PTD’s "Anatomy of a Murder" features iconic UP setting, still relevant themes
John Voelker -- a defense lawyer, prosecuting attorney, and Michigan Supreme Court Justice -- brought legal credibility, unusual frankness, and a down-home Upper Peninsula sensibility to his landmark novel Anatomy of a Murder (under the pen name Robert Travers).
Director Otto Preminger and screenwriter Wendell Mayes brought those qualities to the 1959 film version, shot in and around Marquette. The film was nominated for several Academy Awards including best picture and best actor for James Stewart.
PTD Productions in Ypsilanti is presenting a later stage version by Elihu Winer. Winer’s plodding version eliminates some major characters and key plot points and makes little of the UP atmosphere that is a central feature in Voelker’s novel and Preminger’s stark black and white location photography. This is a wordy, condensed version, though still set in the deeply rural 1950s UP.
PTD director Alice Fell and her cast make a valiant effort to bring some life to a play that never carries that same sense of reality and shock for which the book and film were noted. On opening night the cast had some clear problems with dropped lines and efforts to cover only made the problem worse. The pacing was also slow, even in the courtroom scenes that should have snapped.
Paul Biegler is a small town lawyer, recently defeated in his re-election bid for county prosecutor. He is happy to wind down his legal work and spend more time fly fishing (as was Justice Voelker). Biegler is encouraged by his drinking buddy and lapsed lawyer Parnell McCarthy to accept a case that might raise his profile and bring in some much needed revenue. It’s a shocking murder with press attracting elements including sex, rape, jealousy, and, as defendant, an angry Army lieutenant who served in World War II and Korea and claims temporary insanity.
In the PTD production, Biegler and McCarthy are both older lawyers. Biegler has been nursing his disappointment over the election and McCarthy has been nursing the bottle for so long he no longer practices law except as a researcher for Biegler. In the book and film, Parnell is Biegler’s mentor and friend but not his contemporary.
Tim Henning plays a stout, soft-spoken, and laconic Biegler. He starts a bit hesitantly but seems to get more focused as the play goes on. He is burdened with some long interrogation scenes that drag along. The play never allows a meaningful presentation of Biegler, the outdoorsman, fly fisherman, and easy-going but deceptively shrewd lawyer.
Christopher Potter plays a giddy and playful Parnell. He even resembles the film version's Parnell (Arthur O’Connell) and conveys the character's giddy enthusiasm and struggling-to-get-sober personality. He gets tangled a bit in the dialogue but is credible in the character.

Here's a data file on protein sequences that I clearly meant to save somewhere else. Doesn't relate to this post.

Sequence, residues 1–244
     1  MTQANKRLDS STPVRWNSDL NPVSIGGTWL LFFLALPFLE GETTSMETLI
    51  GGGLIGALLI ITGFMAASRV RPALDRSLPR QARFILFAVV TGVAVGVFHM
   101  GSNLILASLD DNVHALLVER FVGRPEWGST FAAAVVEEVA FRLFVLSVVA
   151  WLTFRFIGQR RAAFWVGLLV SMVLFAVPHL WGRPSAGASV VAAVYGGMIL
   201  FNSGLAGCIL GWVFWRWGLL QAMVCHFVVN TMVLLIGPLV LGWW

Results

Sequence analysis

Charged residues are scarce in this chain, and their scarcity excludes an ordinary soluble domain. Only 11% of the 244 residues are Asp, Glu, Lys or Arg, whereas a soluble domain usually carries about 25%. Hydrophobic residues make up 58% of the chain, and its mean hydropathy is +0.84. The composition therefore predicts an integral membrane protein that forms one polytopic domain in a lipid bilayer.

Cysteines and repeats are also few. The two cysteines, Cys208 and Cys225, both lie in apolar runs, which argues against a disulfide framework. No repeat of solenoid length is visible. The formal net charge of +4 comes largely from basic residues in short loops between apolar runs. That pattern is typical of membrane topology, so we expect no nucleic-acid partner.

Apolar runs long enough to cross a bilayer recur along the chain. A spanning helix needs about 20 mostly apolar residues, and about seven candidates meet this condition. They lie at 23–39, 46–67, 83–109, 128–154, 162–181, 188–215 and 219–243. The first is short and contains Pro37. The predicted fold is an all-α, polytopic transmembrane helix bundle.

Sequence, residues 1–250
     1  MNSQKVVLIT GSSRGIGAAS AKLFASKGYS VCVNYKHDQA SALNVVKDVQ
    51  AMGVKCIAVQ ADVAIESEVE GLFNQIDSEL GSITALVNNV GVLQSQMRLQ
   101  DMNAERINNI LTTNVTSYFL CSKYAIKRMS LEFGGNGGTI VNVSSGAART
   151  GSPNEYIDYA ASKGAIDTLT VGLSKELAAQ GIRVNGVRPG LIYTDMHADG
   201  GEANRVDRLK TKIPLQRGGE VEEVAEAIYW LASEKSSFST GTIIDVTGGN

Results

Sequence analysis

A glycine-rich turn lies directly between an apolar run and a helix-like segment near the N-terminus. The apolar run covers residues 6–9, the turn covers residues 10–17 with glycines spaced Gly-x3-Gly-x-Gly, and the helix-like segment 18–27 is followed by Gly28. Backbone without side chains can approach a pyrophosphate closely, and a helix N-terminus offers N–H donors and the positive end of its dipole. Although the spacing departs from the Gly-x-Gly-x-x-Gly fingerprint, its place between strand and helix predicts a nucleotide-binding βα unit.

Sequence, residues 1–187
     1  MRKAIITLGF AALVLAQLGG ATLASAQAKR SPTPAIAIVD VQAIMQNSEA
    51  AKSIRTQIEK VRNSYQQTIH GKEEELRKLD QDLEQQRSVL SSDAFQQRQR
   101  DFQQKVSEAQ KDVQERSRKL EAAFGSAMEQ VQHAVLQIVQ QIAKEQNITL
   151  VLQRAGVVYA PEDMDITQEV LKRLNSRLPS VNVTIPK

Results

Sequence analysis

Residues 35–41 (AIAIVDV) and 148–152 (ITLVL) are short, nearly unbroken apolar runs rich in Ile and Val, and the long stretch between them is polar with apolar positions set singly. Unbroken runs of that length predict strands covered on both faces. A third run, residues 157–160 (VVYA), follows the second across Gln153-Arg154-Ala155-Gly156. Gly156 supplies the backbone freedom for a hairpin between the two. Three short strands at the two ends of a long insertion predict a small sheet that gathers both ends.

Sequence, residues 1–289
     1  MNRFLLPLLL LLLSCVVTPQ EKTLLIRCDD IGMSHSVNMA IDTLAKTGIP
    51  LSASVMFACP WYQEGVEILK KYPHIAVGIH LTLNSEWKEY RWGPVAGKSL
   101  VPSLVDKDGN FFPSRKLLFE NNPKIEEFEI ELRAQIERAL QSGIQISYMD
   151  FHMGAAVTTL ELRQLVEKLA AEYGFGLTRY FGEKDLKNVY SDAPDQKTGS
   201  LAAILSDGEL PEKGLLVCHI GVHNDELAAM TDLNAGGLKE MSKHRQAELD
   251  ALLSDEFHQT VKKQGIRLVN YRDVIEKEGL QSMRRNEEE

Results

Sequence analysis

The two actors have few scenes to deliver the relationship between their characters, but in those few scenes they do suggest a bond that helps them work together.
Wyatt Woodside is a swaggering Lt. Manion, the shifty defendant who uses irresistible urge as an excuse for fatally shooting a local innkeeper who has (or hasn’t) beaten and raped his wife. Woodside brings a lot of manly posturing and bluster to the part, but never really becomes the complex character.
Mary Hopper plays the sexy wife, Laura. The tensions between Laura and Biegler are muted here. There is one scene of her attempting a seduction of the lawyer that goes nowhere. The issue of rape and the reputation of the victim is still a relevant topic, and Hopper plays Laura with just that bit of ambiguity that makes it difficult to decide just what happened.
Women play several male roles in this production. Fran Potasnik plays the key role of Michigan Assistant Attorney General Dancer, brought in by the local prosecutor to handle the hot case. She plays Dancer as feisty and determined but not cynical or lacerating as in the film version, which has a slick male attorney (a young George C. Scott) badgering Laura about her sexual history. That’s a very different dynamic
Joe York is both poignantly troubled and amusing as Alphonse Paquette, a bartender who has seen too much and would rather avoid telling what he knows. York brings a fidgety energy to the role and delivers his lines with humor.
The large cast seems to enjoy being part of a classic Michigan story.
PTD’s Anatomy of a Murder has an iconic setting, some courtroom fireworks, and raises some still pertinent questions. The production needs a faster pace, more focus on the dialogue and what’s being said and why, and some more stage business to fill in the many gaps in the play as written.
Hugh Gallagher has written theater and film reviews over a 40-year newspaper career and was most recently managing editor of the Observer & Eccentric Newspapers in suburban Detroit.
"Anatomy of a Murder" continues at the Riverside Arts Center, 76 N. Huron Street, Ypsilanti, at 8 pm on Aug. 25-27 and Aug. 30 to Sept. 2, and 2 pm on Aug. 27 and Sept. 2. For ticket information, call 734-483-7345 or visit [http://www.ptdproductions.com|ptdproductions.com].